A former WA police officer whose career has been left in ruins by an "error of judgment" has today walked free from the Perth District Court after pleading guilty to a string of charges.
Andrew James Maher, 43, was a respected officer based at Mandurah police station before taking on a role with the WA Police media unit.
He was charged in 2017 with using electronic communication to expose three children to indecent matter.
The charges related to content shared by Maher on social media with boys under the age of 13.
The court heard Maher, who coached the boys' soccer team, and who had known the victims for several years, sent a series of messages to them containing inappropriate language and content five times over six weeks.
One of the messages Maher sent to two boys included a video from viral site LADbible called "hilarious penis coffee art".
The video, which is widely available on the internet and on social media sites, showed 'drawings' of penises being made with milk froth in cups of coffee.
Counsel for Maher conceded the content was inappropriate for her client to have sent to the boys, but insisted the former cop had no sinister intentions in sharing the video which was "basically boy humour".
"Mr Maher has never behaved to any child in a physically inappropriate way," the lawyer said.
"[He was] especially proud of his position as a police officer and genuinely enjoyed his work."
A distraught Maher, who resigned from WA Police in October last year, sobbed as the impact the charges had had on his life were detailed to the court.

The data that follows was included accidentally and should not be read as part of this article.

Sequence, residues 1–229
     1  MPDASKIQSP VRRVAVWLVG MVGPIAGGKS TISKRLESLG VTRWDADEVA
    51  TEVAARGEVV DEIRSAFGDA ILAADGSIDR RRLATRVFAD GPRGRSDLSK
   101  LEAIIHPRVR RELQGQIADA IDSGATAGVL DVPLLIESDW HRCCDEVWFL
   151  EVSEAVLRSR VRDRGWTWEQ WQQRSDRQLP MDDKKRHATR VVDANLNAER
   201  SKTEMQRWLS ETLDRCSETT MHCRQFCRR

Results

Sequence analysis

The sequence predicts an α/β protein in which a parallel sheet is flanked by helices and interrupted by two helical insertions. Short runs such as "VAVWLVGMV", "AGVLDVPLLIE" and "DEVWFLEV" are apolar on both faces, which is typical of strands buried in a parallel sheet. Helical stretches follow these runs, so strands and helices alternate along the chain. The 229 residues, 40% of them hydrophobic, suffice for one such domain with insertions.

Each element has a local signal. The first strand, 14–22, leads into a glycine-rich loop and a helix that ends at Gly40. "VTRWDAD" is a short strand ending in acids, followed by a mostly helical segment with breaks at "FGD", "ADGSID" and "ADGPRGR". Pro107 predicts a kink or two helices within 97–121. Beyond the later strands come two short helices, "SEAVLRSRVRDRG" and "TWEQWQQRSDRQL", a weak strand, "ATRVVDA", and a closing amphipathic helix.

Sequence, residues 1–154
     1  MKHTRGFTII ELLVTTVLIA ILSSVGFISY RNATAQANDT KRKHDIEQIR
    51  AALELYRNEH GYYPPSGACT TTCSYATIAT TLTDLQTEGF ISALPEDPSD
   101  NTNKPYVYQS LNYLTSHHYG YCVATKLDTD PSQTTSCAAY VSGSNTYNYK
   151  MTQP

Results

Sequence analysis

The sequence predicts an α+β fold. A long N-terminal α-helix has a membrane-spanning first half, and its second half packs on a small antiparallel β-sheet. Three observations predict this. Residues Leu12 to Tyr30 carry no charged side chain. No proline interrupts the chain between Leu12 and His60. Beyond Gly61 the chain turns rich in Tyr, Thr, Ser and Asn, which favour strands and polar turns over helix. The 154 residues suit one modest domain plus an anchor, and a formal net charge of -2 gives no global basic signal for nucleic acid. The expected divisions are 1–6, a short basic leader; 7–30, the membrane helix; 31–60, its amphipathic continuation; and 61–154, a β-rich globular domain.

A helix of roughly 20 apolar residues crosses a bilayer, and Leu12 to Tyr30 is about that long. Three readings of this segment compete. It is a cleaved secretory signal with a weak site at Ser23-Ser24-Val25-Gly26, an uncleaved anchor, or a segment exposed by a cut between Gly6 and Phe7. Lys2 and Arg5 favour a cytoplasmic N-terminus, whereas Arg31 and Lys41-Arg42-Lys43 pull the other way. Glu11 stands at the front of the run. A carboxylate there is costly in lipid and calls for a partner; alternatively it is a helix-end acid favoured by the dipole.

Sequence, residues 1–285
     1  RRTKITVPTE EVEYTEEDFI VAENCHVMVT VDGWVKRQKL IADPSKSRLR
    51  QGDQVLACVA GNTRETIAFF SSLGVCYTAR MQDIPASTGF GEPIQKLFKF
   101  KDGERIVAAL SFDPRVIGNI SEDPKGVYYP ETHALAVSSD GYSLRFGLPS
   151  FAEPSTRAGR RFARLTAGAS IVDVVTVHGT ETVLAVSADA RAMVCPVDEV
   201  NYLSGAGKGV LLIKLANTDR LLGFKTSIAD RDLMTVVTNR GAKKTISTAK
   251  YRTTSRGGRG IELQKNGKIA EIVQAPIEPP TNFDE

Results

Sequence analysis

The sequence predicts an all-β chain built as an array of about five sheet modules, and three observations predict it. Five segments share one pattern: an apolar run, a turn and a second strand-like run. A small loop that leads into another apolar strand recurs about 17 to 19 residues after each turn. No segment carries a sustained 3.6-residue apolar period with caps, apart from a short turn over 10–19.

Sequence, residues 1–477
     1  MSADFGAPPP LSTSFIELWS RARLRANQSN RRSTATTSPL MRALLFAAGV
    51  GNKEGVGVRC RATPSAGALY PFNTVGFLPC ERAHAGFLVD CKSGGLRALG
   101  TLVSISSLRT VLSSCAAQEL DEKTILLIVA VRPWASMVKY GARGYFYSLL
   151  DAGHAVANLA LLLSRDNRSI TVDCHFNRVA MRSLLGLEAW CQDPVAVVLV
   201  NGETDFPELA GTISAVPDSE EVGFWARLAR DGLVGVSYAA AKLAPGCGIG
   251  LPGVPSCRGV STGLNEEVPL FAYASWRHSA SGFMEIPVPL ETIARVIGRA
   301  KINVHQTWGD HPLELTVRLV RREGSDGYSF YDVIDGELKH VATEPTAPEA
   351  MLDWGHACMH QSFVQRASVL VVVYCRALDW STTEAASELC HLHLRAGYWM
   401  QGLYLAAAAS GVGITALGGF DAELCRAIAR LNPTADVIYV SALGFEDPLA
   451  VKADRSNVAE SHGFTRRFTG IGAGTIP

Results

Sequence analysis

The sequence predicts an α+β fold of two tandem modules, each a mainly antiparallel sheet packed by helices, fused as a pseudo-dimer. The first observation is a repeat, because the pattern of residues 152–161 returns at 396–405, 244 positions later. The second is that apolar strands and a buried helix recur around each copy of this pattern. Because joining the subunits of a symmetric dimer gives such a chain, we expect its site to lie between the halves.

"Mr Maher has lost everything at this point," his lawyer said.
"His job; his reputation.
"He is mortified and embarrassed by these offences."
District Court Judge Christopher Stevenson said the case was a difficult and unusual one, in that Maher had no sexual interest in children and had not sent the boys' messages with any intent of grooming them.
Rather, Maher had seen himself as a peer of the boys, and had been trying to engage with them using their own language.
Described as a "gross error of judgment", Maher's offences bore no similarity to any other case involving the same charges, according to the Judge Stevenson who said the messages sent reflected immaturity rather than sexual intent.
Maher, who could have faced a maximum prison term of 10 years for the charges he pleaded guilty to, was released on a community-based order with program requirements.
He declined to comment following the sentencing hearing, but expressed relief as he hugged his wife and family who had stood by him during the two-year ordeal.